Mike Seymour, Mark Christiansen and Jason Diamond discuss the story and visual effects of the Luc Besson film, Lucy, and also delve into the VFX of other recent Scarlett Johansson films Under the Skin and Her.


Show Notes:

Cinematographer — Thierry Arbogast
Production Designer — Hugues Tissandier

Overall Production VFX Supervisor — Nicholas Brooks
ILM — Richard Bluff
Rodeo — François Dumoulin
Digital Factory

Luc Besson filmography

Arri Alexa XT Plus

Red Epic

Alex Kim

Capturing the Infinite Universe in “Lucy” – Fractal Rendering in Film Production

Lucy Official Movie Clip – Car Chase

An Interview with Geoff McFetridge on the Interfaces from Her

TMNT x FILA


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One Response to the vfx show #187: Lucy

  1. A great show as always. Personally, I like the banter…but may be I’m biased. Under the Skin was one of the movies I was most excited for this year. I had read the book by Michael Faber. The novel was his debut work and is a really fun read. Faber’s style creates a compelling story that is both a quick read, a serious exploration of alienation, desire and what it means to be human. An artful balance.

    The main character in the book is named Isserly (the Scarlett Johanson role) and we are introduced to her in the book without any background knowledge. Who is Isserly, and why is she driving the roads of Scotland looking for men? Like the film, the narrative in the book slowly unfolds one layer at a time until the truth of Isserly and her “work” on Earth is revealed. In the book there are a number of other characters that work with her on a remote farm after she captures her prey. Isserly has been surgically altered by her people to look human. This creates issues for her that seem like a thinly veiled reference to female body image issues. She has a male counterpart on the farm who is also “altered” while the bulk of her people live and work underground in an industrial farming-like environment.

    In the book, one night the son of the “boss” of the alien corporation that Isserly is working for arrives at the farm from his home planet. His alien beauty, his questionable actions and discussions with Isserly begin to go deeper into Isserly’s psychology and feelings about what they are doing to the lonely human men she picks up. The same questions of identity, humanity and “alienation” permeate the novel. There is a good deal of subtle humor in the book as well.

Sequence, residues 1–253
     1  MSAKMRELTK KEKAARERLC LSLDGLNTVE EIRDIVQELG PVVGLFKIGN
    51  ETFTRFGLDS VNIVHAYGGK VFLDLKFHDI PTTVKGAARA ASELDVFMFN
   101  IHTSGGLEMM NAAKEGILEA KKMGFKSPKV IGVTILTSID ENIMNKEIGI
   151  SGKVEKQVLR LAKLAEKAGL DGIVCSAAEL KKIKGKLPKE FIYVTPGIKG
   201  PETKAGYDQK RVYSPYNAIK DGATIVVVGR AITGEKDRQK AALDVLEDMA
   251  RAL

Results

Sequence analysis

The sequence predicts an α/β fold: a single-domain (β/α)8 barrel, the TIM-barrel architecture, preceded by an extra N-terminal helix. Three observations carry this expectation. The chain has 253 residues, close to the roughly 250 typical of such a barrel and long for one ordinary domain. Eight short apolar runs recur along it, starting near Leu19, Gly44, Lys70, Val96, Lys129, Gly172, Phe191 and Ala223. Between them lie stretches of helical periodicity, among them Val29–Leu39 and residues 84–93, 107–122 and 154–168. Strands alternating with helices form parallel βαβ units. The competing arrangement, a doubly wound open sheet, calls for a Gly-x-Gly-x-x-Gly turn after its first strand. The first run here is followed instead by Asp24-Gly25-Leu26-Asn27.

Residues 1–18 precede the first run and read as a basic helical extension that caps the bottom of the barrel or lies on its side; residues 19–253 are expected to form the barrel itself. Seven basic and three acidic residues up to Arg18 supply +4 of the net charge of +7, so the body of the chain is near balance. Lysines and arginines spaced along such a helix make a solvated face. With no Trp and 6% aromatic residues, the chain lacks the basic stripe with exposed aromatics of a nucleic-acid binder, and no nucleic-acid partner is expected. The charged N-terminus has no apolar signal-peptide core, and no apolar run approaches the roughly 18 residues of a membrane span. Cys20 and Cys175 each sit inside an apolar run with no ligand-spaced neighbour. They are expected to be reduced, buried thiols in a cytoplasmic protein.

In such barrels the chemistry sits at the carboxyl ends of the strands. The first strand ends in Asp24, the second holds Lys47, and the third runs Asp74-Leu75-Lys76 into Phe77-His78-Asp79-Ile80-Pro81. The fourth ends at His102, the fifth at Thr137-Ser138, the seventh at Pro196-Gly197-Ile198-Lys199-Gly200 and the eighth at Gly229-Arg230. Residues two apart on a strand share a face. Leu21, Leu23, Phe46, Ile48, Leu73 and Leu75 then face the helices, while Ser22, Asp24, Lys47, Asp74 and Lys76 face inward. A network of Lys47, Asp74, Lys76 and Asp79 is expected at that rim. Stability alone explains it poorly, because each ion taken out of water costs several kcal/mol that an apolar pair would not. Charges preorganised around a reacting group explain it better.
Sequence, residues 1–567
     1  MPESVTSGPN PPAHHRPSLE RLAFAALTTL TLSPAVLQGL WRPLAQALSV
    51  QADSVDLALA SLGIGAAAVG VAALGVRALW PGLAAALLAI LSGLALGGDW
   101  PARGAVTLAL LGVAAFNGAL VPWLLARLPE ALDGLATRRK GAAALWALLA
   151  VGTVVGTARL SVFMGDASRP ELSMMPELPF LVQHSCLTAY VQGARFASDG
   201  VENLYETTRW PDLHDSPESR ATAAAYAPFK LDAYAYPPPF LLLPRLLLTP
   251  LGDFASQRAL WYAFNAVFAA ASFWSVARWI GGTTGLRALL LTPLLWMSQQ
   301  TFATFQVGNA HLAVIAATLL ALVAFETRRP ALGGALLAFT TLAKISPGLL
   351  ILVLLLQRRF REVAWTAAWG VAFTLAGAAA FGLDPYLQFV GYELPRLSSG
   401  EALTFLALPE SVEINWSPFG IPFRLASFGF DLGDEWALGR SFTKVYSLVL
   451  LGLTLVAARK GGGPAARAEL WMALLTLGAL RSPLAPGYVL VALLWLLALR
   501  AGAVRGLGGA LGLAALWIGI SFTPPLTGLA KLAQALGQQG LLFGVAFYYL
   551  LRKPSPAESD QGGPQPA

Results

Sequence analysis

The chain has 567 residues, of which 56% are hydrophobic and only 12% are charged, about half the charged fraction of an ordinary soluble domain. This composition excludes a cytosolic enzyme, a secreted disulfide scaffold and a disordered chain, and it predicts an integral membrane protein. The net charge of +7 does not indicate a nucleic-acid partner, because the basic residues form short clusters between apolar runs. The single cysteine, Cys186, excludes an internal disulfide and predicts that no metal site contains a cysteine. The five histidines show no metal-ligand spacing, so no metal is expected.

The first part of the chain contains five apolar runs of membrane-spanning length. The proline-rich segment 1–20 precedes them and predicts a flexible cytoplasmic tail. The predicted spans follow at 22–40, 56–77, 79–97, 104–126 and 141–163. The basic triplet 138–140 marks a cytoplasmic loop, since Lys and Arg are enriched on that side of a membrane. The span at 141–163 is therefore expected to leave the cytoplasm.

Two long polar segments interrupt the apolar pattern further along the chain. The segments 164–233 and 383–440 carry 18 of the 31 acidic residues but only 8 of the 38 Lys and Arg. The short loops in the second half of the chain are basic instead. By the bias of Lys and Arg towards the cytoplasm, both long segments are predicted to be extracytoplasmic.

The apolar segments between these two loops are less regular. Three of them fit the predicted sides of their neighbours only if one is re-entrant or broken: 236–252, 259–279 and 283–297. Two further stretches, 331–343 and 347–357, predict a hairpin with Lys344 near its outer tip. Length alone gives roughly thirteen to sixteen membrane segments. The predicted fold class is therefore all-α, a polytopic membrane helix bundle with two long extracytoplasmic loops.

Director Jonathan Glazer takes the book as a starting point for his third feature film. Glazer’s previous films were “Sexy Beast” and “Birth”, both very strong and fascinating films as well. In “Under the Skin” Glazer has created his most interesting and experimental work to date. I think Jason, Mike and Mark were dead on the money in saying that the opening of the film was almost Kubrickian. I agree that its an “odd” film and has an unusual narrative structure. Does this film stand alone? I think so. Glazers distinctive style and use of an almost invisible documentary style during the driving scenes is mesmerizing.

    But as with many filmic adaptations, several liberties are taken in the film that depart from the novel. The man on the motorcycle who we see throughout the film and whom Mike was saying we see at the end standing on the rock (a direct reference to the Casper David Fredrich painting “Wanderer Above the Sea of Fog”) is really a conglomeration of the other “alien” characters in the book. I think he represents Isserly’s polar opposite. While there are scenes where he appears to help her, he doesn’t seem to suffer from the same moral quandary. The incident with the young child and family at the stormy beach seems to be the first point of departure for Isserly in the film and her interaction with the deformed young man and her desire to set him free is her final act of contrition.

    The visual effects of both the goo, the flattened humans (in the book they are being prepared as a delicacy for alien consumption) and the final alien reveal (which doesn’t happen that way in the novel) are great, subtle work that makes for a fun, albiet dark film. I really enjoyed it and Johanssen is so much fun to watch in most any role.

    Just thought I’d put in my two cents on this one as it was a film I was really looking forward to this Summer. If anyone out there saw it, liked it and wants a little more, check out the novel. Its a quick read and pretty entertaining.

    Matt

    Posted by Matt Wallin on

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